You might spend a lifetime discovering the numerous wonders that Israel offers, including history, religion, and culture. But what remains true is the fact that Israel is the Promised Land to Jews. It is the land where God exhibits his divine presence. This land holds immense importance in the religious and spiritual lives of the followers of Judaism. So, when you visit Israel, make a pilgrimage to the Jewish holy sites to strengthen your spiritual connection.
Jewish holy sites in Israel:
King David’s Tomb
One of Israel’s holiest sites, this tomb is located opposite the Old City’s Zion Gate. It is the burial place of King David. You can explore the Room of the Last Supper (holy to Christians). There’s also a roof structure with a tower and viewing point over Jerusalem located above it. Before 1967, people could go up here to view the Old city, which was inaccessible to them for the first 19 years of Israel’s existence.
For Jews, the Temple Mount is the holy place where Abraham prepared to sacrifice his son, Isaac, at God’s request. It is also the location of two ancient temples (built by Solomon and Herod). The Western Wall is the retaining wall that still survives to this day. While walking around the Old city, there is one spot where you can see and touch what very well may be the last remaining pillar from the Temple. Be sure to ask your guide about it!
Mount of Olives Jewish Cemetery
Jerusalem’s oldest and most important cemetery. It dates back over 500 years. It has anything from 70,000 to 140,000 graves and is home to several prominent rabbis. The Mount of Olives also contains the graves of the Prophets Haggai, Zechariah, and Malachi, which have been revered by Jews since medieval times. In the modern era, the resurrector of the Hebrew language, Eliezer Ben Yehuda was buried here as well. Discover what the “valley of the Shadow of Death” is while walking through this cemetery.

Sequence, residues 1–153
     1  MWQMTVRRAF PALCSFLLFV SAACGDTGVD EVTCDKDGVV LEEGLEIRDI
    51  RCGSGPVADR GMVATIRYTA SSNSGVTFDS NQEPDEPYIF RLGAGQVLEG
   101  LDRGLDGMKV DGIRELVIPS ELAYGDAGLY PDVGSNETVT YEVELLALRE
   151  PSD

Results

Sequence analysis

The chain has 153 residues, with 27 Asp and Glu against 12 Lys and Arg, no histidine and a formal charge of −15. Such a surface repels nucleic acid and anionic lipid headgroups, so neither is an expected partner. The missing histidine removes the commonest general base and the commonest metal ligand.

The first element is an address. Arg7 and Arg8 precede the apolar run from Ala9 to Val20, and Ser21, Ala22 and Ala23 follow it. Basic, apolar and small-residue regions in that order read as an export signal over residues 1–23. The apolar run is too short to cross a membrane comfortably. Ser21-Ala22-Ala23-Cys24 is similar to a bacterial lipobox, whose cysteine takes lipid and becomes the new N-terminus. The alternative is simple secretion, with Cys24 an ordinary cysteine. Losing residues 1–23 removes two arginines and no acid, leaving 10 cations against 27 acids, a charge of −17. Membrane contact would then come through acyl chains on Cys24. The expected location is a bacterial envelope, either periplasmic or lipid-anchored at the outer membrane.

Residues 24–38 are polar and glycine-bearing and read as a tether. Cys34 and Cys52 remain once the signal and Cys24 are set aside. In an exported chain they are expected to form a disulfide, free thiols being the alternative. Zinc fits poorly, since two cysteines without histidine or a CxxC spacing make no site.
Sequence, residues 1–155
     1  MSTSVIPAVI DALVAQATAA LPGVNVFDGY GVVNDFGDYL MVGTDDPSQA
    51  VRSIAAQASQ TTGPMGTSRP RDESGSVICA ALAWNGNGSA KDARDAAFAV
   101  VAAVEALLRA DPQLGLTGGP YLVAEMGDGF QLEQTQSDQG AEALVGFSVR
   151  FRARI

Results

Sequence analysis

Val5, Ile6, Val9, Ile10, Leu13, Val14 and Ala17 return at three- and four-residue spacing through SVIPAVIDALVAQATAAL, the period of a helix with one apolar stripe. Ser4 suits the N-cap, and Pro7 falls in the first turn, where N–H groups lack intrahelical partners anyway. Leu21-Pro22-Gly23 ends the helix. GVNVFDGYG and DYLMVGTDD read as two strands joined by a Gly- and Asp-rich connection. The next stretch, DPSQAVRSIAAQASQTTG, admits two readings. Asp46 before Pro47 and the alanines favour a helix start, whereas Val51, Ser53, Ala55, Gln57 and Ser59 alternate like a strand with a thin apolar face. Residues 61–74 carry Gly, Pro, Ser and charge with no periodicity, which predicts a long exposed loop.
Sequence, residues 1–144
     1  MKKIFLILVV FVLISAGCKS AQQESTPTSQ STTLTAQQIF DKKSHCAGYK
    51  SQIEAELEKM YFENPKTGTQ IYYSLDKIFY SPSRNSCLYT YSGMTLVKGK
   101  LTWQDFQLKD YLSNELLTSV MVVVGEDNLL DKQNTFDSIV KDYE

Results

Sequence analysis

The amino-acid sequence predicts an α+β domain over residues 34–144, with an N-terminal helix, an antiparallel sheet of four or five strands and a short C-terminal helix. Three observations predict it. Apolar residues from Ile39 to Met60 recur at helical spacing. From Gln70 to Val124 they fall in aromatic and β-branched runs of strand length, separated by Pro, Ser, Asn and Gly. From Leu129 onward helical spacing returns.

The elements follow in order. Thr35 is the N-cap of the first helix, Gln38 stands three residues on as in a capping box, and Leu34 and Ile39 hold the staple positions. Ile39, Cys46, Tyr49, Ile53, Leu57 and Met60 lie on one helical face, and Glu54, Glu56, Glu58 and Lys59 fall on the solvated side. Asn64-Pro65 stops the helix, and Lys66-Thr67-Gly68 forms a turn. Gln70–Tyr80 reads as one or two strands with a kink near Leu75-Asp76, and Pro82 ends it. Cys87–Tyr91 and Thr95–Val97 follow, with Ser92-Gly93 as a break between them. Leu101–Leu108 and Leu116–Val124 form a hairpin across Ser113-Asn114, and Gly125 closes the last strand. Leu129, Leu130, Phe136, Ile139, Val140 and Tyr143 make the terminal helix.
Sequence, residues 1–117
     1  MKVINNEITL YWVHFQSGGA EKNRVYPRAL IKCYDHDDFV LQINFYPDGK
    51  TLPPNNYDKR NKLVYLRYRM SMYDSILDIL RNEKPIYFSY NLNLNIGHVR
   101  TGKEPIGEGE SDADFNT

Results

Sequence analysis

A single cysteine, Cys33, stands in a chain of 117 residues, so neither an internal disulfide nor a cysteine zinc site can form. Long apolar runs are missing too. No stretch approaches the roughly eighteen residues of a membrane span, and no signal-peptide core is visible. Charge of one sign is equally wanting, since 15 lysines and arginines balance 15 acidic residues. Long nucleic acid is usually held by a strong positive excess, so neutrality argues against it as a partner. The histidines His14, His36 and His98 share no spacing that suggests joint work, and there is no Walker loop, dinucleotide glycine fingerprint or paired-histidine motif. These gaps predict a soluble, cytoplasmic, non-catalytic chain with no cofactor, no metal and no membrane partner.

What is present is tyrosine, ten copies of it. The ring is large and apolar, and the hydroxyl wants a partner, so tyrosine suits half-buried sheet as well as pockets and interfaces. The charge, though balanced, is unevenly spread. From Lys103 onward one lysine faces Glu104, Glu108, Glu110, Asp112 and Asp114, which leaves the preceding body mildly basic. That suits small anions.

The Western Wall (also known as the Kotel) is the sole intact building from King Herod’s Second Temple. It is the holiest place for Jews. They visit from all over the world to pray here. Standing at this site is a profound and emotional experience for people of faith and others too.
According to Jewish belief, it is the grave of the medieval scholar Nachmanides. It is located in the Upper Kidron Valley (aka the Ramban). Consider hiring a certified tour guide for a better experience.
This settlement near Safed has the tomb of Honi the Circle-Maker, as well as the graves of his two grandchildren. According to legend, Honi could generate rain via prayer, and many Hassidic pilgrims worship here today.
The burial site of Rabbi Shimon bar Yochai is located on Mount Meron (and the hamlet of the same name) in Upper Galilee. Tens of thousands of ultra-orthodox Jews climb the mount as part of a pilgrimage each year on the Jewish holiday of Lag B’Omer. There is also a beautiful nature trail on the peak of the mountain with 360 degree views.
This settlement is named after one described in the Mishnah (a Jewish sacred book) and is said to be the resting place of Rabbi Hananya ben Akshaya, who lived hundreds of years ago.
According to Jewish tradition, this is one of Mount Dov’s summits and the location where Abraham made a covenant with God.
Safed, a historic hub for Kabbalah (an esoteric Jewish school of thought), became a holy city following the expulsion of Jews from Spain in 1492, who migrated here. Interestingly, according to Jewish belief, the town was established here after the biblical deluge by one of Noah’s sons. Its cemetery contains the graves of many Jewish leaders. Today, Safed (Tsfat) is home to a magnificent artist colony. Art here is inspired by Kabbalah. Some of the best art in Israel can be found in Safed, including artists such as Mark Chagall and Nicki Imber.
Tiberias is one of the four sacred cities in Judaism (along with Jerusalem, Safed, and Hebron). It’s famous for being the site of the composition of the Jerusalem Talmud, located on the banks of the Sea of Galilee. According to a Jewish legend, it was built around 20 CE on the site of the old Israelite settlement of Rakat by Herod the Great’s son.
Masoretes existed in Tiberias as well (Jewish scribes, who lived in the area between the 5th and 10th centuries CE). Tiberias is still a holy city today because of the vast number of rabbis who established the city as a hub for Jewish learning in the 18th and 19th centuries.
The final resting place of Rabbi Yehudah Hanasi is an extraordinary necropolis. Jews from all over the world wanted to be buried near the Rabbi who edited the sacred Mishnah 1800 years ago. Over the next hundreds of years, Jews would pay to be delivered and placed in a cave near Rabbi Yehudah Hanasi in caskets called “Sarcophagi”. While walking through the caves you will feel just like Indiana Jones finding ancient antiquities!
Whether you’re visiting Israel for the first time or have been there many times before, don’t miss out on these must-see sights for a memorable Holy Land experience. Don’t hesitate, and reach out to us for more information.